Chicago Man Becomes 2nd Rare Double-Lung Transplant Recipient To Fight COVID-19

A man from Illinois received a double-lung transplant after suffering from severe coronavirus infection. Surgeons at Northwestern Memorial Hospital in Chicago marked the procedure as the second time a COVID-19 patient needed new lungs in the U.S.

The man, in his 60s, tested positive for the novel coronavirus in late March. Doctors placed the patient on life support for more than three months before the double-lung transplant on July 4, ABC7 Chicago reported Friday.

"I've never seen any case like this," Samuel Kim, thoracic surgeon at Northwestern Medicine who assisted in the double-lung transplant, told ABC7 Chicago. "His lung damage was among the worst I've ever seen."

Kim described the patient’s lungs as almost like concrete because of the effects of COVID-19. A double-lung transplant commonly takes six to seven hours, but the Northwestern surgeons took nearly 10 hours because the coronavirus patient had severely damaged lungs and severe inflammation in his chest cavities.

The procedure follows the country’s first lung transplant on a COVID-19 patient also performed at Northwestern. The hospital in June provided the new organ to a woman in her 20s.

Kim said both patients had severely damaged lungs because of the coronavirus. Fortunately, their bodies have been responding well to the newly transplanted organs.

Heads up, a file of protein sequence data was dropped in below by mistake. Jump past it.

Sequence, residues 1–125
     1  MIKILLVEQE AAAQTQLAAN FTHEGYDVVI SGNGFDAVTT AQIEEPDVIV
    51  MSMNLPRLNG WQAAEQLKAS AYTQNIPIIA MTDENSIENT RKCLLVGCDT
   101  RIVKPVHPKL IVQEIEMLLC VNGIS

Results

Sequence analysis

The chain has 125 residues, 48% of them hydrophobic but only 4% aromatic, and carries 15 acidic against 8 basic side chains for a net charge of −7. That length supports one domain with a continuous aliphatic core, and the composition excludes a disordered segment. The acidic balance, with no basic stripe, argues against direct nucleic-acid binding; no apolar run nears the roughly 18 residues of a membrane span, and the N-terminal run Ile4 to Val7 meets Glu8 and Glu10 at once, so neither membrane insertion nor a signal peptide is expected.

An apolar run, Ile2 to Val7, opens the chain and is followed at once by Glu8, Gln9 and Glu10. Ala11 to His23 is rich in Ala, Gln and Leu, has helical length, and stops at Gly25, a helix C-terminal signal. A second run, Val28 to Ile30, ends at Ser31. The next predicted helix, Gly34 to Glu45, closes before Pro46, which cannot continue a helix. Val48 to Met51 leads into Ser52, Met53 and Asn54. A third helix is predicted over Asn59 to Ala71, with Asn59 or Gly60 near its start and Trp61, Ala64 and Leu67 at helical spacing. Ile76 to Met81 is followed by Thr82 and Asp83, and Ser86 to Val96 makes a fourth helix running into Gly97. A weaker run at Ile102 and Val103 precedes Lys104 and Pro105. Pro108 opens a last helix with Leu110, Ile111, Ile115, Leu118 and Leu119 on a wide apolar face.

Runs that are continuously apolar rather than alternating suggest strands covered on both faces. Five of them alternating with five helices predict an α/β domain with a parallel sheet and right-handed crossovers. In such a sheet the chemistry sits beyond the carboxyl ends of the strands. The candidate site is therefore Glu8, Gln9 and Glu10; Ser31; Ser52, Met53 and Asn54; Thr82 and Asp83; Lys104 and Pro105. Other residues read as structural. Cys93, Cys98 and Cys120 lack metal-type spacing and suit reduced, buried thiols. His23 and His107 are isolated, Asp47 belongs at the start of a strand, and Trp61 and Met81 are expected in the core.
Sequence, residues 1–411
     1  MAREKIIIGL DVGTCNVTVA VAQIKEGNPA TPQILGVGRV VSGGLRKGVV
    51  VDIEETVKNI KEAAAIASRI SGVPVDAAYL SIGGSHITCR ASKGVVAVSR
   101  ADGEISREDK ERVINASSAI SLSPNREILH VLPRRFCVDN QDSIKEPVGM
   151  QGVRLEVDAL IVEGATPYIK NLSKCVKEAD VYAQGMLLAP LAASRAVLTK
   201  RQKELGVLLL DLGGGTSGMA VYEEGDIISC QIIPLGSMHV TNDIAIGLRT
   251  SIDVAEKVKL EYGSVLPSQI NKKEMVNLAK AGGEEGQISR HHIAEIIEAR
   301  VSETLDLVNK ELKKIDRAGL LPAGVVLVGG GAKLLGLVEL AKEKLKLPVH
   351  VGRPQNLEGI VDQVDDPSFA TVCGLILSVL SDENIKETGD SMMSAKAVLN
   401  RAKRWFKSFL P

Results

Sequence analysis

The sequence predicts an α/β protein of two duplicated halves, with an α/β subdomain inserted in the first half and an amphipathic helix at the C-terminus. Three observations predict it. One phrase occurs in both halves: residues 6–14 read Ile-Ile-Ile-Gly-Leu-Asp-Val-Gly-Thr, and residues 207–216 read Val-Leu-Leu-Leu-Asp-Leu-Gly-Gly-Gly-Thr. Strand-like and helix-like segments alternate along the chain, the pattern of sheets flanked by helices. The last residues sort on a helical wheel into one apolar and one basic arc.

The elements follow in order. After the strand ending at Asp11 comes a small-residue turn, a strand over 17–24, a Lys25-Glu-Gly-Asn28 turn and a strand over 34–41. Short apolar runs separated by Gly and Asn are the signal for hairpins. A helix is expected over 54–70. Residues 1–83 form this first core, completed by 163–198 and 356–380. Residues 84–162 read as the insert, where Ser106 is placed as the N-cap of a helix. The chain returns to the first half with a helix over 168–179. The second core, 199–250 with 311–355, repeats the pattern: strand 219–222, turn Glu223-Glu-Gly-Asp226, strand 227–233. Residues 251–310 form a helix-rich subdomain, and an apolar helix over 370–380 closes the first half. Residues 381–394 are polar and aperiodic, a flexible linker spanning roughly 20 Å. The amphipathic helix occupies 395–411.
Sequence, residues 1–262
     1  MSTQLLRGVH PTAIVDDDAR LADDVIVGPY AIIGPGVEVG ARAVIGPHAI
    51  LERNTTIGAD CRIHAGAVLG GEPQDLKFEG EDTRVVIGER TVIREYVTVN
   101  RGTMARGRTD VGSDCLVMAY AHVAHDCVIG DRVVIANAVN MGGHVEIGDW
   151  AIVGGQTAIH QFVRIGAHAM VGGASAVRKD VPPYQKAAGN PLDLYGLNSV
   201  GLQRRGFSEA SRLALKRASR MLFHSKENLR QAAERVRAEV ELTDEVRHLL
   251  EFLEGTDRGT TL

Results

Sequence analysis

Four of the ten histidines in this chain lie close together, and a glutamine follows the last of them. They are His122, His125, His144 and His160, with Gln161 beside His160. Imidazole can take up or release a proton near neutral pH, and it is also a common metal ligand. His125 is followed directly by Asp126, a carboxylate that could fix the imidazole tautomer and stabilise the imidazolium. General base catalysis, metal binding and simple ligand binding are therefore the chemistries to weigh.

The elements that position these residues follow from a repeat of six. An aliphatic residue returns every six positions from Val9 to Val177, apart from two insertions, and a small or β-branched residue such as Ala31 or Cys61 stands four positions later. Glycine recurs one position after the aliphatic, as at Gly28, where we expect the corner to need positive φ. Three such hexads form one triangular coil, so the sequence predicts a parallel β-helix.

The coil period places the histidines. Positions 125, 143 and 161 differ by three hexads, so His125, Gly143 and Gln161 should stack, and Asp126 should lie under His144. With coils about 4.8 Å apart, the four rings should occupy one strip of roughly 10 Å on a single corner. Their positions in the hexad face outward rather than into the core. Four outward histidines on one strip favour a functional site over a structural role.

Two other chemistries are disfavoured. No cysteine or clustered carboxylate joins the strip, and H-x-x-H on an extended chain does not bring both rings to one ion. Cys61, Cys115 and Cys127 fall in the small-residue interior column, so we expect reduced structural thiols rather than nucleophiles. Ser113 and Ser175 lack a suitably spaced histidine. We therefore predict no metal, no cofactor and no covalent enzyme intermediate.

"Our first patient continues to recover at optimal pace," Rade Tomic, a pulmonologist and medical director of the Lung Transplant Program, said. "Our second patient is already off the ventilator and is talking to his family. We're optimistic that both patients will make a full recovery and return to their daily lives."

Deaths linked to COVID-19 have been declining in the past weeks. However, doctors said those who recovered from the disease remain at risk of its potential long-term consequences.

Cook County Health Senior Medical Officer Kiran Joshi said the coronavirus infection is known for causing serious lung problems and in some cases these problems can become chronic. He called on the public to continue following safety measures, such as staying home, wearing a face mask and social distancing, to reduce the risk of contracting or spreading the novel coronavirus.
COVID-19 An artist's representation of the novel coronavirus that causes COVID-19. Pixabay

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